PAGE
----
Veterans Day Eureka Springs High School pays tribute to vets
Eureka Springs High School held a special assembly Monday, Nov. 12, to honor the 100th anniversary of Veterans Day and recognize local veterans for their service.
Principal David Gilmore welcomed local veterans, saying he hoped students would honor veterans and understand the sacrifice veterans have made for the country.
“I know we have a few young men and women out there in the crowd that are planning to join the Army or the armed forces after graduation,” Gilmore said. “I want you to know I deeply respect that. That’s an honorable thing to serve our county.”
You can’t truly understand what veterans have experienced, Gilmore said, unless you’ve experienced it yourself. While he’s not a veteran, Gilmore said he’s proud of his family members who have served.
“Can you imagine going to a foreign land to fight others on their turf? It must be terrifying,” Gilmore said. “Can you imagine if you were a husband or a wife raising children while your spouse was off serving on their own? It’s tough.”
Gilmore remembered the terrorist attacks on 9/11, saying they brought the country together and made him more patriotic.
“I proudly stand for the nation’s flag and The Star Spangled Banner,” Gilmore said.
Young people can honor veterans, Gilmore said, by living life to the fullest.
“Get an education. Vote,” Gilmore said. “They are not protecting the country so you can just blow off your life and be a drain on society. Honor your veterans by showing them respect and living your life to the fullest.”
The assembly continued, with performances from the high school band and high school and middle school choirs. The students then heard from special speaker Col. Wylie Nolen, who served in the Air Force during World War II. Nolen said he was honored to be at the assembly.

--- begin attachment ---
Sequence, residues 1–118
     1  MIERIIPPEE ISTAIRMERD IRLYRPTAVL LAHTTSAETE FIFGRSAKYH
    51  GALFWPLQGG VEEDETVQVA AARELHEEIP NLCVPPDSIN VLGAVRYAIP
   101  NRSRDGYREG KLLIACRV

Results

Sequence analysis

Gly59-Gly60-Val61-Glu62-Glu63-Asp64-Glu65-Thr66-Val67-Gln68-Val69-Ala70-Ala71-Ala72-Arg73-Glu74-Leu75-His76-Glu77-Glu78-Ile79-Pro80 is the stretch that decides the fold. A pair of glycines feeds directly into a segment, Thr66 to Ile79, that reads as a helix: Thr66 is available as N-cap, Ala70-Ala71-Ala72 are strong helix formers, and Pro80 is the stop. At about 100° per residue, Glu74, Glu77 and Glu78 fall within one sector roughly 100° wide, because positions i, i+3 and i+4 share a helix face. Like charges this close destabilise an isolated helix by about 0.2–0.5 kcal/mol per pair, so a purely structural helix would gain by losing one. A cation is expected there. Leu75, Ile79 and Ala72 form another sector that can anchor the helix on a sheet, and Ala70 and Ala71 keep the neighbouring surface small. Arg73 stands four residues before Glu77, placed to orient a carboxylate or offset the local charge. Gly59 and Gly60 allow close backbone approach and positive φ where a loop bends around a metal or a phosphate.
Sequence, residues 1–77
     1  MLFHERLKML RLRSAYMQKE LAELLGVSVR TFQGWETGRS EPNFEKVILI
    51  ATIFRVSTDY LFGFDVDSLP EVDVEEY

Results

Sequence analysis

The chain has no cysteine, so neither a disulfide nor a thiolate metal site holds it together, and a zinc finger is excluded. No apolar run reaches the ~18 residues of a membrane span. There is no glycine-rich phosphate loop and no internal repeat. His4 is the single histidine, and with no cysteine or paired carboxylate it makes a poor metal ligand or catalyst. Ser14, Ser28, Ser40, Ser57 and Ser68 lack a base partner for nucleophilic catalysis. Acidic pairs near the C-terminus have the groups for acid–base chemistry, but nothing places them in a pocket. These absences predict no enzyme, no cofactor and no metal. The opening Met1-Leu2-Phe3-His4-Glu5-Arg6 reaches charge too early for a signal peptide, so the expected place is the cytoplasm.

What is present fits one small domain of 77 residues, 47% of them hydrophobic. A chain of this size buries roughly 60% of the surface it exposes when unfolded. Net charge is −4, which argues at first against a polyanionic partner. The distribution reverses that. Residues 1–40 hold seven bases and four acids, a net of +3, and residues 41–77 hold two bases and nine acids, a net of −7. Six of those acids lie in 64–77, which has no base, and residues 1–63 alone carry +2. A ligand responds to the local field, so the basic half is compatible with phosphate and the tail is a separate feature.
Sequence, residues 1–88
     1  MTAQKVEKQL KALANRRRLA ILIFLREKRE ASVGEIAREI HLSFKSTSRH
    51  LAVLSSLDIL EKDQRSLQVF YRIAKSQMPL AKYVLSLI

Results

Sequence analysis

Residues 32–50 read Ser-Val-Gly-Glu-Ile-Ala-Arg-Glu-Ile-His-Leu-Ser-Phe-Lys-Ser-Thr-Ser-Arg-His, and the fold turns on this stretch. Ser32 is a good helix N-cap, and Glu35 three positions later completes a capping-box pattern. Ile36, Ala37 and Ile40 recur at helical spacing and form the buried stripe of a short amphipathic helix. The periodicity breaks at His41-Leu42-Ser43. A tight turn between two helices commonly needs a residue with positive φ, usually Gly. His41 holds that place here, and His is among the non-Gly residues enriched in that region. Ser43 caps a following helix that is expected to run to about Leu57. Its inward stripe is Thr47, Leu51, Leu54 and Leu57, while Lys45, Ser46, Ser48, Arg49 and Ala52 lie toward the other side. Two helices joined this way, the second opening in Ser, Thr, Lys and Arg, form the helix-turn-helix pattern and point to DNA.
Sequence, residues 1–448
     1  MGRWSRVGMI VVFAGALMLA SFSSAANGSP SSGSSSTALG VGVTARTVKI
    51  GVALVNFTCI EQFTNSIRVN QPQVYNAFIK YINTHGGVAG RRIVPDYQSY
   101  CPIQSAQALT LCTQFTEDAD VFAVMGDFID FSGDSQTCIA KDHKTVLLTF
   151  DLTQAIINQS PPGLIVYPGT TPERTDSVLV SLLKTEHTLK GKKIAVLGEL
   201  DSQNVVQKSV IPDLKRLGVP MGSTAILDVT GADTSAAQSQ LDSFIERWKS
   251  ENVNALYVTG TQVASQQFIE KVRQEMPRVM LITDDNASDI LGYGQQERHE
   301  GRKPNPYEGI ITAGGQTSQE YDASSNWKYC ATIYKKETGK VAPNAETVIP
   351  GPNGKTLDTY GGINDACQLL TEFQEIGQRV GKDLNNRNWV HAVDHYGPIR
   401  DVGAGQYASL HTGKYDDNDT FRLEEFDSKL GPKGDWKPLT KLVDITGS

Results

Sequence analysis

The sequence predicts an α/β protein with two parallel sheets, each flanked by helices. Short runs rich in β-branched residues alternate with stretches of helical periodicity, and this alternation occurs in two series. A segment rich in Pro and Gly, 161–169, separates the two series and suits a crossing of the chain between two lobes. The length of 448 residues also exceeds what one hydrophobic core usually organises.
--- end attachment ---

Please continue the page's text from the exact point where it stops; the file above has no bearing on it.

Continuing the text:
“What a really, really wonderful way to welcome the veterans,” Nolen said.
Nolen encouraged the students to consider joining the military.
“It’s an excellent way to get started, and it’s a very rewarding way of life,” Nolen said. “I think you could be very proud of yourself if that’s where you choose to go.”
Nolen described the history of Veterans Day, saying the first Veterans Day commemoration was held in Birmingham, Ala., in 1947.
“Veterans Day is for all veterans, whether they made it through the war or not,” Nolen said. “Alive or dead, it’s for all us veterans out there.”
In the military, Nolen said, the goal is to leave no one behind. Nolen remembered when a fighter pilot was shot down over North Vietnam. The helicopter sent to rescue the fighter pilot was also shot down, Nolen said, so the military sent a second helicopter.
“That was shot down, too. I don’t know how much effort they made to pick up that one man,” Nolen said, “but I’ll tell you it’s good to know that if your luck runs out, Uncle Sam is going to try to get you back again. It’s not always possible, but the effort will be made.”
Eureka Springs does a good job honoring veterans, Nolen said. He described the Battle Cross, a memorial to those who never made it home. In the cross, Nolen said, the helmet and dog tags represent the veteran who has died. The rifle and the bayonet represent a time for prayer, he said, and the boots signify that the veteran has made his last hike into his final battle. Another tradition, Nolen said, is the performance of Taps at military funerals.
“If that doesn’t make you cry, you need to go to a doctor, because there’s something wrong with you,” Nolen said. “Taps makes me cry every time.”
Nolen asked students to show respect to veterans.
“They gave away their tomorrow so you can have today,” Nolen said. “And military veterans aren’t the only people who have given their lives for you. I’d encourage you to give the same respect to our law enforcement people, to our firefighters and to our first responders.”
The assembly was followed by a lunch for veterans provided by FFA, Rotary Interact, Harts Family Center, Matthew Eckman’s class and the cafeteria staff.